• Iain Donnelly

Chapter 1 The UK Police Service – how does it work?

Police ranks

It's worth first of all, explaining the rank structure of the UK police service.

Police constable

This is the entry point for the overwhelming majority of people in the service.

I say majority because there is now a Direct Entry process that allows a small number of people to enter directly at either Inspector or Superintendent rank. It's probably too early to say whether this will be a success or not, but anecdotally the stories I'm hearing are not encouraging. The attrition rate for direct entry Superintendents is high as they suddenly realise the enormity of what they have taken on and the direct entry Inspectors often struggle to gain the confidence of their staff who quickly see the gaps in their knowledge and experience.

Having said that, I've worked for many shockingly bad police managers over the years who did have that experience and despite that, they were still terrible managers who made terrible decisions.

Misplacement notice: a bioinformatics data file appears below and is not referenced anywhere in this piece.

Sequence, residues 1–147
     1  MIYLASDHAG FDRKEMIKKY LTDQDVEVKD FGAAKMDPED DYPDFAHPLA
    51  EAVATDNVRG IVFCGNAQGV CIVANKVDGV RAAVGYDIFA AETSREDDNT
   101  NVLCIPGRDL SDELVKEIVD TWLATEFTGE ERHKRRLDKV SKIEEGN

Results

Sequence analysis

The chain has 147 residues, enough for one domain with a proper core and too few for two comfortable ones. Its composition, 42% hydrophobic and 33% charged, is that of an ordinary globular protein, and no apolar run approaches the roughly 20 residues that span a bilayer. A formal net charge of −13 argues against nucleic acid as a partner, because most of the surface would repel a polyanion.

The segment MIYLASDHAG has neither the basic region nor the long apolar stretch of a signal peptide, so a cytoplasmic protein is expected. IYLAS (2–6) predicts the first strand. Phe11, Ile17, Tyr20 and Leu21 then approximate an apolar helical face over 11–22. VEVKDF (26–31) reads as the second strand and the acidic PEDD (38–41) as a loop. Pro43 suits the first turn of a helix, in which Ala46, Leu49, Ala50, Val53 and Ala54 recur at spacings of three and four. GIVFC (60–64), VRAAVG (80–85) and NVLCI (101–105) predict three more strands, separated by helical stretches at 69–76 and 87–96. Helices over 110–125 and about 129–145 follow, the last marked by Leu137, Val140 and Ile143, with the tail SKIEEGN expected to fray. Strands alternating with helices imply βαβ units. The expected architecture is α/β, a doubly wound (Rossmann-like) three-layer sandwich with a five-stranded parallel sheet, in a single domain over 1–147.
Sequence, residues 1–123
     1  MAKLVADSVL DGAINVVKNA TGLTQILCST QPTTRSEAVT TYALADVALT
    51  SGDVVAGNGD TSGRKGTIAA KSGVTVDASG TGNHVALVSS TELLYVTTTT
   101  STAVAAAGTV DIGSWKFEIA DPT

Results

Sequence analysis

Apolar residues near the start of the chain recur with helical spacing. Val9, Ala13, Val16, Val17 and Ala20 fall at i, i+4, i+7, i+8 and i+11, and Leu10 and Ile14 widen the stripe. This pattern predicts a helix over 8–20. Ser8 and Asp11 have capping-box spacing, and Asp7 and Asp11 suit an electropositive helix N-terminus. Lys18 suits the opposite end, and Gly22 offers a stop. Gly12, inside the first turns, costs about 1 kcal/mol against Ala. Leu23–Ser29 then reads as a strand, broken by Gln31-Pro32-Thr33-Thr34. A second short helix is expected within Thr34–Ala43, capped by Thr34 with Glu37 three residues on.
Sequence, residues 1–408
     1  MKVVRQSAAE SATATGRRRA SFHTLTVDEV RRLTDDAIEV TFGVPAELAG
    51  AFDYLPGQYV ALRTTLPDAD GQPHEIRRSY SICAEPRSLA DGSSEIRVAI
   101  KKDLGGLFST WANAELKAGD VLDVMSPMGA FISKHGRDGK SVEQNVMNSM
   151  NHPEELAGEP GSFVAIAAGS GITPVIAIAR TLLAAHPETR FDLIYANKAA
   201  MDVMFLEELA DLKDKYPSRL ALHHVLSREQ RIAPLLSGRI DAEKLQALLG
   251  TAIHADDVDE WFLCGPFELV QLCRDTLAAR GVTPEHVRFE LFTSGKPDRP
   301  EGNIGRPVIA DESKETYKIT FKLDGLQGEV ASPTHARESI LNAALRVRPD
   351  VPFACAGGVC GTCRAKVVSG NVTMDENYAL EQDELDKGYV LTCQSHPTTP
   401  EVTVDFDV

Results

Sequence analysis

The police constable or PC rank comprises about eighty per cent of the officers in the service nationally, and many will stay at this rank their entire service, moving around laterally to do a variety of roles in a variety of departments. Those with a hankering and aptitude to investigate crime will become detective constables (DCs), and it is not unusual for someone to move to and fro between uniform and detective roles, particularly if they’re successful in promotion processes and move up the ranks. Uniform PCs and Sergeants wear epaulettes with their shoulder number printed in silver lettering. In the Met my collar number was 233, and when I transferred to the West Midlands, they gave me a new shoulder number of 0341, which took me a while to adjust to. In the Met, PCs also have their local divisional two-letter call sign above the number, so in my case, as I worked in Clapham (LM) I was LM 233.